In bone tissue engineering, ionic doping using bone-related minerals such as magnesium (Mg) or strontium (Sr) is a promising strategy to make up for the inherent disadvantages (low solubility) of various apatite-based materials such as Fluorapatite (FAp) and Hydroxyapatite (HA). Therefore, number of studies in recent years have tried to address the lack-of-methodology to improve the properties of bioceramics in the field. Even though, the outcome of the studies has shown some promises, the influence of doped elements on the structures and properties of in vitro and in vivo mineralized FAp has not been investigated in detail so far, and thus, it is still an open question mark in the field. In this work, strontium modified fluorapatite (Sr-FAp), magnesium and silica modified fluorapatite (Mg-SiFAp) nanopowders were synthesized using a mechanical alloying methodology. Results showed that the doped elements could decrease the crystallinity of FAp (56%) to less than 45% and 39% for Sr-FAp and Mg-SiFAp, respectively. Moreover, in vitro studies revealed that Sr-FAp significantly enhanced osteogenic differentiation of hMSCs, after 21 days of culture, compared to Mg-SiFAp at both osteogenic and normal media. Then, in vivo bone formation in a defect of rat femur filled with a Sr-FAp and Mg-SiFAp compared to empty defect was investigated. Histological analysis revealed an increase in bone formation three weeks after implanting Sr-FAp compared to Mg-SiFAp and the empty defect. These results suggest that compared to magnesium and silica, strontium ion significantly promotes bone formation in fluorapatite making it appropriate for filling bone defects.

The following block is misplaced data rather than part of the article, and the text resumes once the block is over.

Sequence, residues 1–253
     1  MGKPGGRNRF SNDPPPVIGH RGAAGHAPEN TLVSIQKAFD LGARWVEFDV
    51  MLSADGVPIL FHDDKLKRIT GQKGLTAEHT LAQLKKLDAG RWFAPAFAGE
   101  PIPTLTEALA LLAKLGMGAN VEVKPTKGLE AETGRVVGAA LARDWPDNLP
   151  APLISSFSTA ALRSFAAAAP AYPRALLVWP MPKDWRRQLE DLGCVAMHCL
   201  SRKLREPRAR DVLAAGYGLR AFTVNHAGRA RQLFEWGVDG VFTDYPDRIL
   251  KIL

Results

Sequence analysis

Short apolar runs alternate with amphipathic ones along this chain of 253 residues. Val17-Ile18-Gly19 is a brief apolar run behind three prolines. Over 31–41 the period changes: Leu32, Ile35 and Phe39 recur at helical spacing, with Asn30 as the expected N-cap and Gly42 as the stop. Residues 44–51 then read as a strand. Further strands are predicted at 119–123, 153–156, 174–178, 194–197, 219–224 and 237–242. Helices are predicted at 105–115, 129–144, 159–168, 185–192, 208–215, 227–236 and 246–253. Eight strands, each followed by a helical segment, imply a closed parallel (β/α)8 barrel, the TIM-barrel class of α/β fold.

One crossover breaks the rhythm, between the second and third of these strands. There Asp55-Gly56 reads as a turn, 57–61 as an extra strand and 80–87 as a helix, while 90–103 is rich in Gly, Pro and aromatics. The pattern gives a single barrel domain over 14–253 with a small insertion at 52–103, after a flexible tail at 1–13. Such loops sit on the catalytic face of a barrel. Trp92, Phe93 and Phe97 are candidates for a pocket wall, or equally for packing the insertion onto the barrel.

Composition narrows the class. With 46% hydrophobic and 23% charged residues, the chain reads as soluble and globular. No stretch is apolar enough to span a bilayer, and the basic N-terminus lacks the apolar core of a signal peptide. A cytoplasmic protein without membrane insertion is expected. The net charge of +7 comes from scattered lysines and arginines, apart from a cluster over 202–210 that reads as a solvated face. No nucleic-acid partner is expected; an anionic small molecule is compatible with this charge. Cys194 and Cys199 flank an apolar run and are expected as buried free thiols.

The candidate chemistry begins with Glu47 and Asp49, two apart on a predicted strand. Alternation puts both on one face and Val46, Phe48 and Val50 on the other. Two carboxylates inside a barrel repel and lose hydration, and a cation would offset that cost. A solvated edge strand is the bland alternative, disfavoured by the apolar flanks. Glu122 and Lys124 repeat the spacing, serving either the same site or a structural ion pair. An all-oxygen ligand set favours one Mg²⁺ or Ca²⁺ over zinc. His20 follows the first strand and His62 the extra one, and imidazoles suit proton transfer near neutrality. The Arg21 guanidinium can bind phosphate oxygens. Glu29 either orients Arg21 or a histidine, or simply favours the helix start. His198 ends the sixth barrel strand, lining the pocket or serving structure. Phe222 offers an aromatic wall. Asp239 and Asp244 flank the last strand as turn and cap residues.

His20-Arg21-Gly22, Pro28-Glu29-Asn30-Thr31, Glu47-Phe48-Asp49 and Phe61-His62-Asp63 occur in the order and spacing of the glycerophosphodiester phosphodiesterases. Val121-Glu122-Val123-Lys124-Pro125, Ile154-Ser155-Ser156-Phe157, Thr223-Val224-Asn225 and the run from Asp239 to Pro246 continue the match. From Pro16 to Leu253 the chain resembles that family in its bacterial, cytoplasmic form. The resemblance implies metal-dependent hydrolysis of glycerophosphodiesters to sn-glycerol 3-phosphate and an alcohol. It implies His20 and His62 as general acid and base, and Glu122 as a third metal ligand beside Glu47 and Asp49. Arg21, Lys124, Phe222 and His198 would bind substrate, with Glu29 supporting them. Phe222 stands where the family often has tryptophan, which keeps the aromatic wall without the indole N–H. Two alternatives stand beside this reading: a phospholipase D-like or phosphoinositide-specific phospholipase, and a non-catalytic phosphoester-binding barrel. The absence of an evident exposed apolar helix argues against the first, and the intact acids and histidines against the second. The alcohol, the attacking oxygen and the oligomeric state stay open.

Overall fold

- Bone regeneration biomaterial
- Minerals In vivo